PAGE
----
Thursday, October 27, 2005

Harriet Miers Withdraws

Why did Harriett Miers withdraw herself from further consideration for the Supreme Court on October 27?

Not simply because conservatives were attacking her. Democrats are accusing the President of caving in to the ultra-right wing in pulling her nomination. In blaming the ultra-right wing, Democrats are attacking their favorite boogeymen. Strategically, they are laying the groundwork to attack the next nominee as "the tool of right wing extremists," fearing correctly that the President will nominate a genuine conservative legal heavy weight. This will set up the battle in the Senate that has been feared since January with the talk about the "nuclear option" (remember that phrase?).

The background is that on Capitol Hill, as Miers met with Senators making "courtesy calls" (which are not simply about tea and pleasantries) she was not making a positive impression trying to present herself as knowledgeable about the intricacies of constitutional law. The questionnaire she submitted to the Judiciary Committee was so substandard, the Committee asked her to supplement it. Majority Leader Frist assessed the situation and called the White House on Wednesday to say that Miers probably would not be confirmed.

Miers remained an unknown quantity to the end. She responded to a questionnaire when running for Dallas City Council that she would work to ban abortion. Four years later she gave a speech about the importance to women of "self-determination." She was reputed to be a hard worker and competent attorney. But her writing, such as her monthly columns as President of the Texas Bar, was atrocious, as David Brooks of The New York Times pointed out.

The President ends up looking bad. He named a close crony to the high court. She turns out to be substandard. His base deserts him. He appears to fail to understand the role of the Supreme Court. Whatever credit he gets for nominating the highly-qualified John Roberts evaporates.

The Miers nomination reveals a deep hypocrisy about the Supreme Court at the White House. Miers was peddled to James Dobson (Focus on the Family) and other anti-abortion activists as a sure "vote" to reverse Roe v. Wade.

The principled conservative objection to social policy decisions of the Court such as Roe v. Wade is that they are acts of legislation, not reasoned interpretations of the Constitution. (This is aside from the political fact that conservatives disagree with the policy.)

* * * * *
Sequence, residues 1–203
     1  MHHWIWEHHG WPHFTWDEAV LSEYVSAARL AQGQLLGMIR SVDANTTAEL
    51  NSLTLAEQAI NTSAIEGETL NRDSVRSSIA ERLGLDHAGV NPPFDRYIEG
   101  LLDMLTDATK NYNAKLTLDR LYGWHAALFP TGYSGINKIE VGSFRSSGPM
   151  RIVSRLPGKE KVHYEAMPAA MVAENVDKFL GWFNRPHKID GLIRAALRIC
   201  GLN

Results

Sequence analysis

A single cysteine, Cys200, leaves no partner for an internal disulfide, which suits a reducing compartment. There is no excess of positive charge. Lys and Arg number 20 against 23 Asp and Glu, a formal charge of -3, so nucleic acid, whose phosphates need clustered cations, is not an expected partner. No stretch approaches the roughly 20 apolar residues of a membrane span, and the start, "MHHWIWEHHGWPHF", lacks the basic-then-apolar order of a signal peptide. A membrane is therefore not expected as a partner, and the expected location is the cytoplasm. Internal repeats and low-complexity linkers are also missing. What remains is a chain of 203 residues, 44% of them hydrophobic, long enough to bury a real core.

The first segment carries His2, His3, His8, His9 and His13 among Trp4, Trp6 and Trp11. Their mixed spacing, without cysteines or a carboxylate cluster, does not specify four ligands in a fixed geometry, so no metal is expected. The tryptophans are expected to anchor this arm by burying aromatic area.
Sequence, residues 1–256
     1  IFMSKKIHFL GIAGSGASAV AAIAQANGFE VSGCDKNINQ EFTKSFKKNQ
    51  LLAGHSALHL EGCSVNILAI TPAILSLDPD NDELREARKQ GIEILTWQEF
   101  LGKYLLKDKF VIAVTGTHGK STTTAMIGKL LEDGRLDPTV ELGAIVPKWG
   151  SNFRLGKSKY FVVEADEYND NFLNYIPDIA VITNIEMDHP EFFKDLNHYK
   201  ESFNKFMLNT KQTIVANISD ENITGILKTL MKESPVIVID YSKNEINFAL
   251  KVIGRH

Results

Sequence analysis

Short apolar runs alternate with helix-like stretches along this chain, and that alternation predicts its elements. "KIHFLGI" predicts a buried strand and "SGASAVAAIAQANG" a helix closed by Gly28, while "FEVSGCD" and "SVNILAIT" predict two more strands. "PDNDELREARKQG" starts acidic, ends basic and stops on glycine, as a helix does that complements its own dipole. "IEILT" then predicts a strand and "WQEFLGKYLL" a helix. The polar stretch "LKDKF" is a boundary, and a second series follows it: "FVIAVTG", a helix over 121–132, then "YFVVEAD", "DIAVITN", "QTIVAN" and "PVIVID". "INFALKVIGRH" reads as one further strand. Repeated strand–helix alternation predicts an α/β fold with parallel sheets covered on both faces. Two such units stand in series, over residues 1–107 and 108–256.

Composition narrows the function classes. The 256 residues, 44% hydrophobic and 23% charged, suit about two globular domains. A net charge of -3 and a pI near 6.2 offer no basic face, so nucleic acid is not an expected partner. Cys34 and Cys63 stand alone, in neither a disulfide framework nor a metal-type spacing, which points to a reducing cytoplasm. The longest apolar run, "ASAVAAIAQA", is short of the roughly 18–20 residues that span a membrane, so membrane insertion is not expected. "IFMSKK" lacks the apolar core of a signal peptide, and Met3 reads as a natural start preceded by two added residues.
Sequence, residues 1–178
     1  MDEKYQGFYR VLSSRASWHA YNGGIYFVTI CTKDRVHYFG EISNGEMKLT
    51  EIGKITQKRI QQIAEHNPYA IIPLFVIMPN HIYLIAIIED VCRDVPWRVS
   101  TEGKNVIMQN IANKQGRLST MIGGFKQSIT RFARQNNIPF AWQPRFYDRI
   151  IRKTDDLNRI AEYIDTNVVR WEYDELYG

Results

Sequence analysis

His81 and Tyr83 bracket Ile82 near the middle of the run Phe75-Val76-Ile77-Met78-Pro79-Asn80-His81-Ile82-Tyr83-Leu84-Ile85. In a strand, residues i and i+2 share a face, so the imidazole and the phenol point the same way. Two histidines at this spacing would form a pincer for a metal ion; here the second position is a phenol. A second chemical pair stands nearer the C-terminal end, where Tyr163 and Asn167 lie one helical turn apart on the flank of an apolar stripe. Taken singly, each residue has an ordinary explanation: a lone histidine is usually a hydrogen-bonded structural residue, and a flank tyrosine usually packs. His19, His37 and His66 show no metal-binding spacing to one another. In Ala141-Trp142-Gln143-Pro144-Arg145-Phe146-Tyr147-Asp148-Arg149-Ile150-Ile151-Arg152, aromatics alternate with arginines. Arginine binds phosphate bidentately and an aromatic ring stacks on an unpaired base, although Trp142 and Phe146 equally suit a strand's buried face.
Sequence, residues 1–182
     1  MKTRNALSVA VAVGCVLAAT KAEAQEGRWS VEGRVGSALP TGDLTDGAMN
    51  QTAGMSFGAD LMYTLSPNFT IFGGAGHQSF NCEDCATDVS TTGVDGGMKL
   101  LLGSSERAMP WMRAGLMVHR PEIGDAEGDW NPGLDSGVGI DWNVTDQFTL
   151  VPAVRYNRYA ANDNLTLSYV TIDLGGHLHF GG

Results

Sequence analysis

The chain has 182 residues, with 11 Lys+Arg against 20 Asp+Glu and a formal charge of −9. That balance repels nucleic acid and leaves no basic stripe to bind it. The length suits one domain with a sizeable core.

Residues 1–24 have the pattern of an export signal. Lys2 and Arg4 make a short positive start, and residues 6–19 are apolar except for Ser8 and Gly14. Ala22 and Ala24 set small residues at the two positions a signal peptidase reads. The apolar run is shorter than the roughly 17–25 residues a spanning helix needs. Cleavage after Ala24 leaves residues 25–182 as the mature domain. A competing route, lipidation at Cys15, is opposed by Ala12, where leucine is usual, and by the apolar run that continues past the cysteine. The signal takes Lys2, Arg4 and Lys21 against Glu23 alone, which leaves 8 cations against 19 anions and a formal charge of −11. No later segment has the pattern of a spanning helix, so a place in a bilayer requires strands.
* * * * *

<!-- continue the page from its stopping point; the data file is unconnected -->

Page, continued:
For the president to simply see Miers as a sure "vote" to reverse Roe is to promote her as a legislator, an argument fundamentally at odds with the conservative criticism of Supreme Court jurisprudence since the days of Earl Warren. Miers' record revealed that she had no background to provide reasoned interpretations of the Constitution to support her decision making. Genuine conservatives, aside from their fears that she might not be as dependable as they might like, saw a prospective justice simply unable to hold her own in the intellectual combat of Supreme Court deliberation.

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Friday, October 14, 2005

"Justice" slowly resumes

New York Times report on New Orleans justice system

Six weeks after Hurricane Katrina's flooding and evacuations demolished the
justice system in New Orleans, some constitutional rights are being applied
again. Some of the prisoners are getting hearings, reports The New York
Times, on whether they are eligible for bail, a right guaranteed by the
Eighth Amendment. But another right, the Sixth Amendment right to a speedy trial, is being suspended.

While it is understandable given the state of chaos, it is worth noting the
failure of the administrators of the system of justice to prepare for the
continuation of the justice system after a hurricane. It is obvious now
that emergency planners need to plan for the continuation of the justice
system, just as they plan for resumption of power supply, potable water,
food, transportation, housing, hospitals and schools.

When the nature of an evacuation changes from flight for temporary refuge
from a storm to permanent migration, the nature of a jury trial changes.
What does the jury pool look like in the new New Orleans? How does one get
a jury of one's peers, when one's peers are scattered across the nation?

When a city has no money, and the basis for tax revenues are lost -- no
real estate taxes paid on destroyed properties; no sales taxes from
tourists who aren't present -- the ability to carry out a criminal justice
system may be lost as well.

Even though the drama of the Katrina tragedy is not heard in the hourly
news round-ups now -- new tragedies, new scandals are the news -- only a
few minutes consideration reveals that tribulations of a million people
once living along the Gulf coast are achingly tragic, and will continue for

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